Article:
Tekhelet in Assyrian Records

In the early 1800s, excavations took place at Nineveh (today: Mosul, Northern Iraq) that shed light on the history of the ancient empire of Assyria (Ashur). Among the most important finds were a number of different records written in Akkadian with cuneiform writing, of the wars and victories of the Assyrian king Sancherev. The cylinder known as the Taylor prism or the Annals of Sennacherib is considered one of the first archeological discoveries that relates to an episode recorded in Tanach. It describes the campaign of Sancherev against Israel and the tribute paid by Chizkiyahu King of Yehuda. 

Many such clay tablets have subsequently been found, each with a slightly different version shedding light on various aspects or focusing on specifics. The same is true of the versions of the event found in the Tanach with parallel descriptions recorded in Yeshayahu, Melachim Bet, and Divrei Hayamim Bet.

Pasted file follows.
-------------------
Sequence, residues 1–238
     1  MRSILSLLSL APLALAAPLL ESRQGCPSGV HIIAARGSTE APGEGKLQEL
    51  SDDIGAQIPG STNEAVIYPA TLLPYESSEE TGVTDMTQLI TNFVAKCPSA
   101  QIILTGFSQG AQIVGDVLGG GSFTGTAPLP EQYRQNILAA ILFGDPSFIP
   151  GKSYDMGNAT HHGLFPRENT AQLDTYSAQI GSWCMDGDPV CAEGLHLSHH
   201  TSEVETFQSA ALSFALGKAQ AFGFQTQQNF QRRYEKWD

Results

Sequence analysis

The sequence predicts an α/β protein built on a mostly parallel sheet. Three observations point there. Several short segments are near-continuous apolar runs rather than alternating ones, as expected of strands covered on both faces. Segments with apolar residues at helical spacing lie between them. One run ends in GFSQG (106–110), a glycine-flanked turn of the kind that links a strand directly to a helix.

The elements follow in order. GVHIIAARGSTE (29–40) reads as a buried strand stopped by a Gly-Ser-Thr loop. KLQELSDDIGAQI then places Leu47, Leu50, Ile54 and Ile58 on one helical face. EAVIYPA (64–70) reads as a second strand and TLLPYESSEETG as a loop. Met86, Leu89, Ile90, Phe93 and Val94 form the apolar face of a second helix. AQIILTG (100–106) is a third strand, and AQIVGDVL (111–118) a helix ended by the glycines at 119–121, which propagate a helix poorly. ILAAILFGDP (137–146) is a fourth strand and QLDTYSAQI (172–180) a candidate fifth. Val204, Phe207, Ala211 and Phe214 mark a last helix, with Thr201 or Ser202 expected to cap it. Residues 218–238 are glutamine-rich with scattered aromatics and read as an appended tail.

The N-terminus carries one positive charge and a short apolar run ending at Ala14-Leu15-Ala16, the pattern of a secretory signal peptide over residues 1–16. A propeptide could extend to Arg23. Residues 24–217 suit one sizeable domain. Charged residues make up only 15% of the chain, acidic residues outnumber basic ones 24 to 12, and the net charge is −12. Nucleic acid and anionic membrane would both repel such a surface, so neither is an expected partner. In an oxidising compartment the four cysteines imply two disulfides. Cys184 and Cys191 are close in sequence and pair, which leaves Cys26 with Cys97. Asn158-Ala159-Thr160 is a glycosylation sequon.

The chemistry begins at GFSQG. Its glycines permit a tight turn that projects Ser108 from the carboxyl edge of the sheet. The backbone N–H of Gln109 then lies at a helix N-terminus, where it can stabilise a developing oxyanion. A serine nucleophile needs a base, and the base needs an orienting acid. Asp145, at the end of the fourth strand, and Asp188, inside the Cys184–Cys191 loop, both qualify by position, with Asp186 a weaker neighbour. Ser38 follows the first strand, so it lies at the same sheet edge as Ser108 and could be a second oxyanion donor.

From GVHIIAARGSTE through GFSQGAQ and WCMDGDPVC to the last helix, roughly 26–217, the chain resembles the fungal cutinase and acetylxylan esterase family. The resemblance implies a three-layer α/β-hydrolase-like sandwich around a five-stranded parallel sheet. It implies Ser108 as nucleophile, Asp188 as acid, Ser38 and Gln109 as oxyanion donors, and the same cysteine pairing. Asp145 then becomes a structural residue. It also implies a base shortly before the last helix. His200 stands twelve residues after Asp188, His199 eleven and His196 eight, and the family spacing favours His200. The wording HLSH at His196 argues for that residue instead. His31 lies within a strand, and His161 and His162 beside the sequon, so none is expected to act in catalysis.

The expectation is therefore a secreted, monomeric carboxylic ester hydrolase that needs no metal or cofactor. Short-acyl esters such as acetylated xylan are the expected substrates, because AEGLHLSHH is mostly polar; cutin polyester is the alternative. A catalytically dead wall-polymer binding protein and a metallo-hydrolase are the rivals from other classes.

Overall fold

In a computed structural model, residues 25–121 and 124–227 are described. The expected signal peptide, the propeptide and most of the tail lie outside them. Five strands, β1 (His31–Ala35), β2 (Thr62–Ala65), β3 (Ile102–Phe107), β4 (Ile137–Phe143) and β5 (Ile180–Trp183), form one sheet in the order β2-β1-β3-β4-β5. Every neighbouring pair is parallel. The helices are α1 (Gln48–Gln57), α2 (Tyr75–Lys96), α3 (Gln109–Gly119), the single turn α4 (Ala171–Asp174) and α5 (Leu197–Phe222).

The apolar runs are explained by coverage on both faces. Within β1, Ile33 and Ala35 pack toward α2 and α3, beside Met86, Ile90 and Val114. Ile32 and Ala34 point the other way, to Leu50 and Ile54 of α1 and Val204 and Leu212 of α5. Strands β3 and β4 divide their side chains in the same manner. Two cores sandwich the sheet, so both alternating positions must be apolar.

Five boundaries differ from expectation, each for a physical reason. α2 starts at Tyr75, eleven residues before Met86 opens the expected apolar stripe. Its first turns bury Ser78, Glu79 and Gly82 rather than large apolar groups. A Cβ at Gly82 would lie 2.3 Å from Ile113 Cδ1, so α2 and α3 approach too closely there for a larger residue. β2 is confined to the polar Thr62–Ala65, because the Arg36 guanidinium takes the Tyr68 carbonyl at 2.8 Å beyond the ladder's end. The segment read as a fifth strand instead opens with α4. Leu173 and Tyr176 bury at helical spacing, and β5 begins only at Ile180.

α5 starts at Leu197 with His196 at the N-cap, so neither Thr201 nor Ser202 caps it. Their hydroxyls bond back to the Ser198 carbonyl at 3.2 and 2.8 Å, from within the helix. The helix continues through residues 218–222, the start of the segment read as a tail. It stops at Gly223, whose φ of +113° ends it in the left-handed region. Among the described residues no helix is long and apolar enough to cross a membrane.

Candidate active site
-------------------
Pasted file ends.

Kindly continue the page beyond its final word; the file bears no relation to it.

There is one fascinating detail found on an Assyrian tablet but not in any of the Tanach’s accounts. On the list of precious items given by Chizkiyahu to the invading king as ransom, along with gold and silver, Tekhelet and Argamman are also mentioned. One can only speculate as to why this detail was left out of Jewish record.

The fact that Chizkiyahu gives Sancherev Tekhelet is another proof that there is only one type of Tekhelet in the ancient world, prized and sought after by Jews and the surrounding nations alike.



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